Firstly cosmology has long sought to explain the origin and evolution of the universe. Observations by Edwin Hubble seemed to suggest all the galaxies are moving away from each other, at a rate proportional to their distance from us. This implied that once they were very close together, in fact tracing backwards infinitely close together...This lead to the formulation of the big bang theory, where the entire universe essentially exploded from an infinitely small region; of course this is a singularity!. Every observation made has so far has confirmed some kind of big bang occurred, refinements such as cosmological inflation don't alter the fundamental fact that the theory must have contain a singularity, a fact proved by Hawking. As you can't see past the Planck length, you can't make predictions what came out of the singularity at the dawn of time, in fact as I said above you could regard the evolution of the universe from the singularity up past the Planck length to have as rich a history as our own universe since the Planck length. As what came before must determine what comes after, cosmology has a real problem with singularities..... Secondly work by Professor Stephen Hawking and other have shown black holes are not in fact completely black, and do in fact radiate at a wavelength proportional to their size. (Please see Hawking radiation for more). A consequence of this is they might radiate away, (over time) all their energy, which could leave a naked singularity behind. What effect a naked singularity would have on the rest of the universe, I don't think anybody knows, I'm pretty sure you can't in fact calculate the effect of this space-time infinity.

Also it's just occurred to me, if you allow sizes smaller than the Planck length to exist, (even if you can't measure them) then when a black hole decays past a certain point, it can emit radiation/particles of sufficient energy to again be black hole, containing a singularity. This would be a self-perpetuating growth, a free lunch of infinite size, something, which I personally do not believe, is possible.

Out with the old in with the new?

So the 'old' physics seems to predict singularities as a logical consequence, but cannot offer any theories of their behaviour; the mathematics simply breaks down. The current hot 'new' physics is superstring theory and its partner m-theory. In these space-time is quantised in that it can only come in 'packets' limited to about the Planck length in size. These strings or branes do away with the concept of infinitely small and in doing solve a lot of problems in physics. In these theories (and there are many, and no-one knows how the one that describes our universe came to be chosen) a black hole would collapse to a string or a brane and no further. The question then arises can the string/brane that is the end product of the gravitational collapse a.k.a. the singularity, contain the necessary energy and information necessary to describe the black hole?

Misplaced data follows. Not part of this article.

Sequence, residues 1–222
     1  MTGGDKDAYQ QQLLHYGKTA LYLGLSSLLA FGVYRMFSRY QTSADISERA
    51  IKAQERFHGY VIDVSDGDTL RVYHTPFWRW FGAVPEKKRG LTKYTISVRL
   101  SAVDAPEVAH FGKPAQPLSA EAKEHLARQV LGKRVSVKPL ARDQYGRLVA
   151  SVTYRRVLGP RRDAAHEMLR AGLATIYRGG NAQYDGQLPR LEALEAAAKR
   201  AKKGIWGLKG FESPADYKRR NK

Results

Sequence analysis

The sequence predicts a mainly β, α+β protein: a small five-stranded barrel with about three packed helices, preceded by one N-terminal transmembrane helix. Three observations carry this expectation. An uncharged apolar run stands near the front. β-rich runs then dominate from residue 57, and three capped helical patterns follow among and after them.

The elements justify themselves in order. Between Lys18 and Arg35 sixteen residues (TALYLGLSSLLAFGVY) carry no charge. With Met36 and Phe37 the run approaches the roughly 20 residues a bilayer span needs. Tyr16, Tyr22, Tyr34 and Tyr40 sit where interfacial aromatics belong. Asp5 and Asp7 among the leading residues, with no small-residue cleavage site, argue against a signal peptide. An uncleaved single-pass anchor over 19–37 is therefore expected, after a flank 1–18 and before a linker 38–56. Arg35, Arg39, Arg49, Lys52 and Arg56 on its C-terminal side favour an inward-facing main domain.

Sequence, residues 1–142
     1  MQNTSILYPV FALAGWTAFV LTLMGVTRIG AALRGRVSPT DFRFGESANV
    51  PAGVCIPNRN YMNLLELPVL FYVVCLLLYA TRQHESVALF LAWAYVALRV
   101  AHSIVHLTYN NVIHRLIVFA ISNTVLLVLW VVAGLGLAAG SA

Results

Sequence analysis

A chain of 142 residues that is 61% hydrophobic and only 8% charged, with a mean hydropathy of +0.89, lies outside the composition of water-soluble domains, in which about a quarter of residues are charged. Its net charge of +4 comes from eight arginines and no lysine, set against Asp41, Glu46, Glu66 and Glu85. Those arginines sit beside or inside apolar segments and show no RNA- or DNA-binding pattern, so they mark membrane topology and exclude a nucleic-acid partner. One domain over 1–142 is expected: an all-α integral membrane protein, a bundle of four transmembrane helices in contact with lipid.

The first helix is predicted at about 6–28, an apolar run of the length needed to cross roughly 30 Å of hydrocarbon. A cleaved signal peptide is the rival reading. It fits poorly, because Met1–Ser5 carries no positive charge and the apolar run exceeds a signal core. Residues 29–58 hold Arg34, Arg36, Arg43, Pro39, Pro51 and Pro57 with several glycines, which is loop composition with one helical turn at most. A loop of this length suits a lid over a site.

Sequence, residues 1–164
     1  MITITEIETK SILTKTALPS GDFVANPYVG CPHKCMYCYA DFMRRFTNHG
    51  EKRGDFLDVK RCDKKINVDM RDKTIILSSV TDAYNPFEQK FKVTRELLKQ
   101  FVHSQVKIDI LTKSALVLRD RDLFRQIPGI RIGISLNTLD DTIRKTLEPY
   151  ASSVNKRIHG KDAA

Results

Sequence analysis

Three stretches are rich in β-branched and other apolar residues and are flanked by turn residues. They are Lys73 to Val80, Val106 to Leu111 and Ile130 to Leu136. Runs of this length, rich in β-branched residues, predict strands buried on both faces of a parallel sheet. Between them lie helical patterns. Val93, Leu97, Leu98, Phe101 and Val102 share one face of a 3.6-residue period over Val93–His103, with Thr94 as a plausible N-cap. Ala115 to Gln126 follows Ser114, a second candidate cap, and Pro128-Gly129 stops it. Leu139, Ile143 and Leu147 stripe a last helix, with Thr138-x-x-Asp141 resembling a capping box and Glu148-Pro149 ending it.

My own two-penneth

I think in this string/brane picture the cosmic censorship can be maintained, I believe that the singularity becomes a topologically complicated knot of 11 dimensional space-time. The emission of particles from the event horizon represents decay of this 'singular' knot, as it decays, it loses energy/mass and the horizon shrinks. At the point where the horizon shrinks to nothing, the 'singularity' finally decays in a flash of Hawking radiation. I think by redefining the singularity in such a way might help some of the problems involved in black hole entropy also, (I humbly refer to my node there...).
Recent work in knot theory has shown that knots may in fact be quantised also. This would mean that some modes of decay for knot/singularity might well be forbidden, which could give rise to 'absorbance lines' in the spectra of black hole radiation. If two cosmic rays of sufficient energy were to collide they could form a black hole in the order of the Planck size, and the above effect could be seen as it decays....

This w/u was done in response to the The content rescue team:nodes Largely of the top of my head, any errors/typos/glaring omissions please msg me!